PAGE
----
As many of you know, the temporary stamp duty holidays are currently due to end on March 31st.
The tax holidays were introduced in July last year, with the intention of making it easier for hundreds of thousands of people to buy a home.
However, there are rumours this week that the government may extend the stamp duty holiday deadline in England and Northern Ireland by a further six weeks, until mid-May.
What would the extension mean for the property market?
If this six week extension was given the green light, our data analysts estimate that between 120,000 and 160,000 extra property transactions in England could benefit from the tax saving.
And if 160,000 transactions made it through, buyers could save a huge £1 billion in total.
The projection is based on the number of property transactions that completed each month in England between September and December last year, according to data from HMRC.
The extension would also mean the vast majority of sales that were agreed by the end of 2020 would complete in time to save on stamp duty.
There are an estimated 412,000 sales still currently in the legal process that were agreed last year across Great Britain.
What happens if the deadline isn’t extended?
Currently, we expect that 100,000 buyers across Great Britain who agreed a purchase last year are set to lose out, if the March 31st deadline stays.
Due to the nature of the conveyancing process there will be some people still unable to complete in time, but if the deadline were extended, it would come as a welcome relief to many of those desperately trying to get their purchase through the logjam.
What do the experts say?
Our resident property data expert Tim Bannister explained that, if a six week extension to the stamp duty holiday is given the green light, it should give the majority of people who agreed a sale in 2020 the chance to complete before the revised deadline.
He said: “We know the stamp duty holiday was intended as a temporary stimulus for the market, but the delays we’ve seen in the home-moving process have been through no fault of the buyers and sellers who agreed a sale last year and who are now desperately trying to get their deals over the line.
“The delays have been a result of the huge number trying to go through, along with the many challenges of the people involved in the process working from home. If there was a six week extension it should give the majority of the sales from last year the chance to complete in time.”
What is stamp duty?
Stamp duty is a lump-sum tax that anyone buying a property or land costing more than a certain amount must pay.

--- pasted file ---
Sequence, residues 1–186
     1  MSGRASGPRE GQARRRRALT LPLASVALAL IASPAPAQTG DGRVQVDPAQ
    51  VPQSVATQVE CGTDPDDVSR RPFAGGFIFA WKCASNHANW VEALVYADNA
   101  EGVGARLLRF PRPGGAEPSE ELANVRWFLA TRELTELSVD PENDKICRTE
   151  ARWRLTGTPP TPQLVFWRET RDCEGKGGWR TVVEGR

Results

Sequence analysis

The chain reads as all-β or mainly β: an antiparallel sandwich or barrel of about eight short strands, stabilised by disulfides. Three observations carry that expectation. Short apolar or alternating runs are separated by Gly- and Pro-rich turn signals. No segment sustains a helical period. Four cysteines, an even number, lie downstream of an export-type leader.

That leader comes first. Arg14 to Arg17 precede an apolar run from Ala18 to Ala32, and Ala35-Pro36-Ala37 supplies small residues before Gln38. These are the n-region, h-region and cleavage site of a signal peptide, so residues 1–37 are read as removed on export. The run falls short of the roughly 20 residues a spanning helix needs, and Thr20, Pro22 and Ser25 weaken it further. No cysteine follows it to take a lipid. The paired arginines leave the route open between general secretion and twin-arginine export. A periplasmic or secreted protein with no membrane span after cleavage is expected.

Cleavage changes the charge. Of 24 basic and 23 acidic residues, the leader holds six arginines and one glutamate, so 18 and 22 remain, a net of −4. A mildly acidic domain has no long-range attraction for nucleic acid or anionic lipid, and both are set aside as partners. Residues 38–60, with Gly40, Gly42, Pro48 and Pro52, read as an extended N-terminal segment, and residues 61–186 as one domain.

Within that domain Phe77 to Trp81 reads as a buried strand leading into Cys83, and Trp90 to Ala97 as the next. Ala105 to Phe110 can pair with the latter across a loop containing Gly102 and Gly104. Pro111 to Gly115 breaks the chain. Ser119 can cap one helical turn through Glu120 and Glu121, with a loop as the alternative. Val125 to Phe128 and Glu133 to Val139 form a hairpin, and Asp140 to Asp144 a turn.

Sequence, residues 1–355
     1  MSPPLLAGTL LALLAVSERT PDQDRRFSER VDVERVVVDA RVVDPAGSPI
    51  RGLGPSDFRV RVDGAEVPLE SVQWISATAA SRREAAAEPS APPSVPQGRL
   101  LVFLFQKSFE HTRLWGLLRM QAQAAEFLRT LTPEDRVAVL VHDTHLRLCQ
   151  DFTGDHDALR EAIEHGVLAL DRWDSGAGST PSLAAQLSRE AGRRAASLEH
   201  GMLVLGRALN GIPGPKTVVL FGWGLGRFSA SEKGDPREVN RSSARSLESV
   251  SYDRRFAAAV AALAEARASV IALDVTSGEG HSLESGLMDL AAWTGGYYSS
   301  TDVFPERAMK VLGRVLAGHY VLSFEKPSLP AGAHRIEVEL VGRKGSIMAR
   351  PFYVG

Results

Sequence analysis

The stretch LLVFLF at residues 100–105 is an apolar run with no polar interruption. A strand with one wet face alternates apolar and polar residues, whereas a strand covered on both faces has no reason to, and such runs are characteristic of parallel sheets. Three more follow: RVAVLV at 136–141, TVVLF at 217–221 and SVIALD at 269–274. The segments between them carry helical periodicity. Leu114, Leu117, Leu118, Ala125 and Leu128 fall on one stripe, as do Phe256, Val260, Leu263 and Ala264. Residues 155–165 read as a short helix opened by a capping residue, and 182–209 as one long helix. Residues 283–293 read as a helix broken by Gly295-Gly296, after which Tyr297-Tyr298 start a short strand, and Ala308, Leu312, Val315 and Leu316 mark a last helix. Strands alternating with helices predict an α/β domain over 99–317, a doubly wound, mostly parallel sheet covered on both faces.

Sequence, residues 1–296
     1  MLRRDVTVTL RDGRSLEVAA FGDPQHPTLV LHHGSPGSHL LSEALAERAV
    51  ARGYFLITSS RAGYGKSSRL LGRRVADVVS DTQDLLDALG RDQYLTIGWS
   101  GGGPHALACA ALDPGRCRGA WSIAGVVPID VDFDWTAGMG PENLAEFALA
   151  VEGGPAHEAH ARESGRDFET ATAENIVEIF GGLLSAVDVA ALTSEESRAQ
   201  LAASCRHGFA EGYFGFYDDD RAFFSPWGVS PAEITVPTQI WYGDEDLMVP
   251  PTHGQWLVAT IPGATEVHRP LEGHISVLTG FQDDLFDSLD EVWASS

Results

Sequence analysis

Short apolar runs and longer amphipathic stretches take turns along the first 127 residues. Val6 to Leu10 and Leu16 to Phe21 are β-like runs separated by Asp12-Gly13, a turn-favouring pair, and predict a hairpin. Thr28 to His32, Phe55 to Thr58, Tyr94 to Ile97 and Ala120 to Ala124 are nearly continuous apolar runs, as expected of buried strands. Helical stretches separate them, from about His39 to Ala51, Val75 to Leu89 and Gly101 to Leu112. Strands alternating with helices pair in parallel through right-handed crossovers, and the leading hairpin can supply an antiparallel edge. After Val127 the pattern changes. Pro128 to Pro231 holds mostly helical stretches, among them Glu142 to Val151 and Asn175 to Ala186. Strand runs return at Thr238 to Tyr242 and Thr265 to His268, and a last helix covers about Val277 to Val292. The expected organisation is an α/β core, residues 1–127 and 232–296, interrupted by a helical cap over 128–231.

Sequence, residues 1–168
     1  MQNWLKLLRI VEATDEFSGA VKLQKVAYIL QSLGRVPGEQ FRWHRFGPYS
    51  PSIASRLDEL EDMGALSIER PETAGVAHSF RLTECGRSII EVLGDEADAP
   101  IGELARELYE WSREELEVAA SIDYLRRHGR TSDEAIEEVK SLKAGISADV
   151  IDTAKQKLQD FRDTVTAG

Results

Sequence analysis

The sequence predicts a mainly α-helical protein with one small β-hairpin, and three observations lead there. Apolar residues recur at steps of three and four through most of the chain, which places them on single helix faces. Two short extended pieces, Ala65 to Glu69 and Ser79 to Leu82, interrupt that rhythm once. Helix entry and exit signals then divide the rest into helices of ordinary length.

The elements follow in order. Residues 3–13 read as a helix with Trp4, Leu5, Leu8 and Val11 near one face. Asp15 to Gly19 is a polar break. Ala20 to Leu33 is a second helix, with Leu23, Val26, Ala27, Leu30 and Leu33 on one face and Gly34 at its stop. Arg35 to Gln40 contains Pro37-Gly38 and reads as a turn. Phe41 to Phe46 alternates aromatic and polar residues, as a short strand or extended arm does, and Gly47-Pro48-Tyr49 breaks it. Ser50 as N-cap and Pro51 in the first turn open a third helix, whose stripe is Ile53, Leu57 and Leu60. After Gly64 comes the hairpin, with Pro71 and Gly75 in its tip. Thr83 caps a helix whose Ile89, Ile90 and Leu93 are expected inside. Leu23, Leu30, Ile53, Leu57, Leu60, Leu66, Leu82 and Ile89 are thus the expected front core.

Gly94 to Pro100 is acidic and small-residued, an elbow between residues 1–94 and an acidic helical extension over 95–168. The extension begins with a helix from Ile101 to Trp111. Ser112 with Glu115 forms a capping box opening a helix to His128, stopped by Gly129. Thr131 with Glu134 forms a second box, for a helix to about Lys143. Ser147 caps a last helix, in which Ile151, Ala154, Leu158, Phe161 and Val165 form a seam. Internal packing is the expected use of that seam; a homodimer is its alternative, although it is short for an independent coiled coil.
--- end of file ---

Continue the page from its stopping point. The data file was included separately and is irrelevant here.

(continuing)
The rate at which you’ll pay the tax varies depending on the price of the property and the type (i.e. residential or commercial).
What is the stamp duty holiday?
Back in July 2020, the government introduced a temporary stamp duty holiday that, at present, will run until 31st March this year.
The scheme has already helped countless home-movers save money, by reducing the amount of stamp duty that is payable as part of every property purchase.
Prior to the holiday being announced, you were eligible to pay for stamp duty on any property over £125,000, or if you were a first-time buyer, on any property over £300,000.
The stamp duty holiday has raised this threshold to £500,000 so, if you’re looking to trade up, you may well be able to save a fair amount of money on your move by completing your purchase before the holiday ends on 31st March.
It was reported last year that the average stamp duty bill would fall by £4,500 as a result of the tax holiday.
However, the stamp duty holiday only applies to properties in England and Northern Ireland.
How does the stamp duty holiday deadline affect first-time buyers?
First-time buyers in England and Northern Ireland will still be mainly exempt from paying stamp duty after the deadline has passed.
This is because first-time buyers will continue to be eligible for a discount on stamp duty, as long as the purchase price of the property is £300,000 or less.
And given that the majority of newly listed first-time buyer properties are put up for sale for less than £300,000, this means that most first-time buyers will continue to be exempt.
In fact, our latest figures show that the average asking price of a first-time buyer property is £200,692.
First-time buyers will also not pay any stamp duty on the first £300,000 of their home purchase, on homes worth up to £500,000, after the deadline.
Stamp duty for the amount of the purchase price between £300,000 and £500,000 is charged at 5%.
The current average asking price nationwide is £318,580.
Use Rightmove’s Stamp Duty Calculator, here.
READ MORE: Why are house prices going up right now?
The header image for this article comes courtesy of Connells.